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Topics: Management, How to Hire, Hiring

10 Of The Weirdest Interview Questions And Why You Shouldn’t Ask Them

Posted by Natalie Pike on November 19, 2014

The desire to be a “hip” and “cool” company is common among most businesses these days. Some bring in a modern espresso machine, some implement Thursday night happy hours, and some ask weird interview questions.

The Top Ten Weirdest Interview Questions: 

1. “ If you were a pizza deliveryman, how would you benefit from scissors?
          - Asked at Apple

2. “ If you could sing one song on American Idol, what would it be?
          - Asked at Red Frog Events

3. “ If you were a box of cereal, what would you be and why?”
          - Asked at Bed Bath & Beyond


4. “ Why is a tennis ball fuzzy?” 
          - Asked at Xerox

5. “ How would you use Yelp to find the number of businesses in the US?”
          - Asked at Factual

6. “ How does the internet work?”
          - Asked at Akamai

7. “ You’re a new addition to the crayon box, what color would you be and why?"
          - Asked at Urban Outfitters

8. “ What was the last gift you gave someone?”
          - Asked at Gallup

9. "Describe to me the process and benefits of wearing a seat belt."
          - Asked at Active Network

10. “What is the funniest thing that has happened to you recently?”
          - Asked at Applebee’s

While these questions are creative and can easily get the brain juices flowing, there are many reasons why they aren't going to find you your next best hire.

A candidate’s answer to an interview question should be more than a few words long.  Asking an odd question makes the candidate feel unprepared and it will most likely elicit a short response.

The main reason hiring managers use weird interview questions is because they are looking for culture fit. Surprise! Bizarre questions have nothing to do with your company culture. You may be creative and goofy by asking them, but the candidate’s response won’t be an answer that proves they’ll fit into the company dynamic. There are five questions that are best for hiring for culture fit. A weird question isn't one of them.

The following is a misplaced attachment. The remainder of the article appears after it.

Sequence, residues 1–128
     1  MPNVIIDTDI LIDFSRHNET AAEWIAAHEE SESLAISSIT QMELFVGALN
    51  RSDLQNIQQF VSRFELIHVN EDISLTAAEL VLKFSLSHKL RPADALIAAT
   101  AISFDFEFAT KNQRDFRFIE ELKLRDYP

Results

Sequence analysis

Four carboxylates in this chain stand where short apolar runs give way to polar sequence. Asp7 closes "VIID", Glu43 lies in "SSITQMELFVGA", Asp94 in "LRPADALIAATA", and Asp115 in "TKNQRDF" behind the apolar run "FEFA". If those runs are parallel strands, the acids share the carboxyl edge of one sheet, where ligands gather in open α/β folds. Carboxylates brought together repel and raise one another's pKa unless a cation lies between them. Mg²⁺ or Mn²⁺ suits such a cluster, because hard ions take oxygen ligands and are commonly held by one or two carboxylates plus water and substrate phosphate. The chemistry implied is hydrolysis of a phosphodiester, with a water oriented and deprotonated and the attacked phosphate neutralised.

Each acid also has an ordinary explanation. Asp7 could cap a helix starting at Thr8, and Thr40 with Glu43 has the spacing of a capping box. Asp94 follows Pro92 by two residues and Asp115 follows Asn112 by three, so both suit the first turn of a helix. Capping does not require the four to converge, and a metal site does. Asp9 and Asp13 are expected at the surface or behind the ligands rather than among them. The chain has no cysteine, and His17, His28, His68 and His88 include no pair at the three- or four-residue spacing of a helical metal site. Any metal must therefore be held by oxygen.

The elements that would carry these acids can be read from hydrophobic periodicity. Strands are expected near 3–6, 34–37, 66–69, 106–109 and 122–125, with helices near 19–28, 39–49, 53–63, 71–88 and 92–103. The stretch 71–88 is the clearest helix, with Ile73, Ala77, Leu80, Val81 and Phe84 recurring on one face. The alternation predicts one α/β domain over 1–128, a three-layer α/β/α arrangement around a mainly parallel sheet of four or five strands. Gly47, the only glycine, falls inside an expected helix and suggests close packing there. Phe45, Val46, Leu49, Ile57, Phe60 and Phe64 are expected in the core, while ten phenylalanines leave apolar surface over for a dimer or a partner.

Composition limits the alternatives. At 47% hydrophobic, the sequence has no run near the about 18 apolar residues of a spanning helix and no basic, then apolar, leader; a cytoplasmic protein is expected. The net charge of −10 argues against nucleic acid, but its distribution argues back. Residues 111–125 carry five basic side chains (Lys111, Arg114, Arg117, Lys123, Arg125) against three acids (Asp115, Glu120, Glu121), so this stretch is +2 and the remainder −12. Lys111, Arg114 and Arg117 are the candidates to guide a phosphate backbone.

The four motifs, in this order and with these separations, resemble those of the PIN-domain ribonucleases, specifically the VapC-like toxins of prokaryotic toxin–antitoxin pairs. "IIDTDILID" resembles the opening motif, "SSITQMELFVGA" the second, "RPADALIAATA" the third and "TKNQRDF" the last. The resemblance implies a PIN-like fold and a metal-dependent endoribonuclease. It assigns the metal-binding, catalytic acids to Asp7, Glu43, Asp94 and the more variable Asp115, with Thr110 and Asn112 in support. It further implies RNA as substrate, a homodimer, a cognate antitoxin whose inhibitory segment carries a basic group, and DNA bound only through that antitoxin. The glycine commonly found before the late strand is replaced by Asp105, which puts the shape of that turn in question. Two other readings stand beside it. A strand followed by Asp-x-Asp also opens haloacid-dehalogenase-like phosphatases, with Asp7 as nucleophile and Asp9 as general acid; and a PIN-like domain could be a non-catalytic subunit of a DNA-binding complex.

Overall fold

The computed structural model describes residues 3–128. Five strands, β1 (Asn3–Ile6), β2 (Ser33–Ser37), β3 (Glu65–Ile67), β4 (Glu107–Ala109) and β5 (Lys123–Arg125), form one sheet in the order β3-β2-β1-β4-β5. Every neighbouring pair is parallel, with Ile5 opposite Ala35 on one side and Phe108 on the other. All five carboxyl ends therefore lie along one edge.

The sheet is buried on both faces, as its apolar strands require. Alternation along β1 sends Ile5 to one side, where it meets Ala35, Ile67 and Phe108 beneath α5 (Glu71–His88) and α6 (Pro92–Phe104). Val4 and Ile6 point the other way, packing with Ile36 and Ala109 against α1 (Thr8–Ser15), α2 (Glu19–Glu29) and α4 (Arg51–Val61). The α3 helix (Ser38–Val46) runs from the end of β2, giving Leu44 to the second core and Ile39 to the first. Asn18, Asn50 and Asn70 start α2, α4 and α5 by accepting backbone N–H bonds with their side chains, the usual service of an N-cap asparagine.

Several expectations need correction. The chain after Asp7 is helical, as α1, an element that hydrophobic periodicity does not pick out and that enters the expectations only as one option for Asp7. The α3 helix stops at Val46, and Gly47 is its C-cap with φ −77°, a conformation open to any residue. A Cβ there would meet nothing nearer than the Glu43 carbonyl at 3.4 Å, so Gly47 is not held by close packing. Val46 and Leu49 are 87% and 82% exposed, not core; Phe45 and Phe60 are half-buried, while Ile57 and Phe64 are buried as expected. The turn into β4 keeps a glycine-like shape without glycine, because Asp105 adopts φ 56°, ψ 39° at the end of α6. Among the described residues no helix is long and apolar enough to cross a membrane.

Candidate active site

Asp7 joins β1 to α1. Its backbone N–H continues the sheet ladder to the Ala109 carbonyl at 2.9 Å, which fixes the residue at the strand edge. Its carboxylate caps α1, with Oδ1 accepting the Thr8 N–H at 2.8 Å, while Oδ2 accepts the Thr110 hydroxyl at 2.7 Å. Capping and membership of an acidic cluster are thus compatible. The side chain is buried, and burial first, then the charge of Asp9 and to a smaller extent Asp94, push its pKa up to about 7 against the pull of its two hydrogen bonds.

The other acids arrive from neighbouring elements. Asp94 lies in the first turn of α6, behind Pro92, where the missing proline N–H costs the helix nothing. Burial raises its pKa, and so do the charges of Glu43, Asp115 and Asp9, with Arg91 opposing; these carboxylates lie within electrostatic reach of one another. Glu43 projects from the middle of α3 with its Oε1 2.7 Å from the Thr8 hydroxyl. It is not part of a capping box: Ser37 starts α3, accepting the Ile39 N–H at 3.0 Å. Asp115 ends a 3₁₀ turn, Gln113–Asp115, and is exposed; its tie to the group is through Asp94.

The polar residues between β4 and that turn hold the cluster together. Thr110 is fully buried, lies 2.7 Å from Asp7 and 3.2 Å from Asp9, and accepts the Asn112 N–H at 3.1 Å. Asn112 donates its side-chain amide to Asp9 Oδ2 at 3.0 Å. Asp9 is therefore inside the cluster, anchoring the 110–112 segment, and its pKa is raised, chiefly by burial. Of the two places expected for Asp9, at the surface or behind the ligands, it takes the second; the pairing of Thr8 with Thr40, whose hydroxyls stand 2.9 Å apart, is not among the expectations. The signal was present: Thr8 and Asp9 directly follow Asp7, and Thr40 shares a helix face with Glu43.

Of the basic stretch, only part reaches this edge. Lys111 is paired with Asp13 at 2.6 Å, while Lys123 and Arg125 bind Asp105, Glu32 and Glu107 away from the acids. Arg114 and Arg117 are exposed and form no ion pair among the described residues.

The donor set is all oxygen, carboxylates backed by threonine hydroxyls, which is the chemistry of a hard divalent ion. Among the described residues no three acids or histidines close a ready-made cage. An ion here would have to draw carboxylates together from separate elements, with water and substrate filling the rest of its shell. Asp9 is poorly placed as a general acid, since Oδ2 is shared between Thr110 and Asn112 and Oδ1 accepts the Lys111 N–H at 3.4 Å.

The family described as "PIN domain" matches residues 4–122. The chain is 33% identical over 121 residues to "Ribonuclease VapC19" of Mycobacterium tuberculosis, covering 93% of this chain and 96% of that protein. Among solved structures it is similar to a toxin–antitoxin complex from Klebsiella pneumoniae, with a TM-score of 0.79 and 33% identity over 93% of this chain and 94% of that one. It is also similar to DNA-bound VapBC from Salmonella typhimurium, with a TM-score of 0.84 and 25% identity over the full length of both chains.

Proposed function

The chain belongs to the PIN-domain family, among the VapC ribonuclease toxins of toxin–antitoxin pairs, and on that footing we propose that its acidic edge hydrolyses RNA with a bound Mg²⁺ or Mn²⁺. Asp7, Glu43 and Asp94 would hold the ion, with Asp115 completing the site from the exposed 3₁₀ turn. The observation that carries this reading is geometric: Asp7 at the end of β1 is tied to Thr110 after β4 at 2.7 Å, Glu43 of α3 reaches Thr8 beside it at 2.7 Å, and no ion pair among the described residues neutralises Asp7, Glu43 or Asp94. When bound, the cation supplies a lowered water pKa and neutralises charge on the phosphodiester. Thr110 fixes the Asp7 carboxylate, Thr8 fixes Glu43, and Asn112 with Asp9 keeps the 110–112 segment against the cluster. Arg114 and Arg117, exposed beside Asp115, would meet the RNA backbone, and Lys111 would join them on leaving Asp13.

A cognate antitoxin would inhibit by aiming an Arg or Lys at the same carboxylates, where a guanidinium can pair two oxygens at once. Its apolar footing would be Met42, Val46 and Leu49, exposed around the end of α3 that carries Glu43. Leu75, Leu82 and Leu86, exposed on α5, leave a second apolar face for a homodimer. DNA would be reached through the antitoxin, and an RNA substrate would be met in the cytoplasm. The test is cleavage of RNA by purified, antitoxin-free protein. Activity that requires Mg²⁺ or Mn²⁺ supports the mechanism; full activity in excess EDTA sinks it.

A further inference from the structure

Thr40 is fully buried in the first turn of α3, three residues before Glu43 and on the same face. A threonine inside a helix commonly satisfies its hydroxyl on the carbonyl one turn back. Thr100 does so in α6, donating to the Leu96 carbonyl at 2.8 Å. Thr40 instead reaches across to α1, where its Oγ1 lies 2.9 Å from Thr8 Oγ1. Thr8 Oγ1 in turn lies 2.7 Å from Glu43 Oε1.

Last, but not least, asking odd questions wastes valuable time when you could be asking about their previous experience. It’s more important to know the ins and outs of their last job than why they think a tennis ball is fuzzy.

Don't get us wrong...there are some weird interview questions that DO work. Take a look here:

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Topics: Interviewing Help, Company Culture, Hiring Tips, Hiring

Hireology Insight: Use A Behavioral Interview Guide

Posted by James Patrick Kahler on November 14, 2014

According to our mother’s or the wonderful women who raised us, we are all the most special people in the world—we’re perfect and there’s no one else like us. It’s truly a great feeling if you're lucky enough to have someone feel that way about you (thanks mom!), even though it’s not necessarily true. However, if we apply this logic to our recruiting process, then we should be hiring people exactly like ourselves, right? Not quite. behavioral_interviews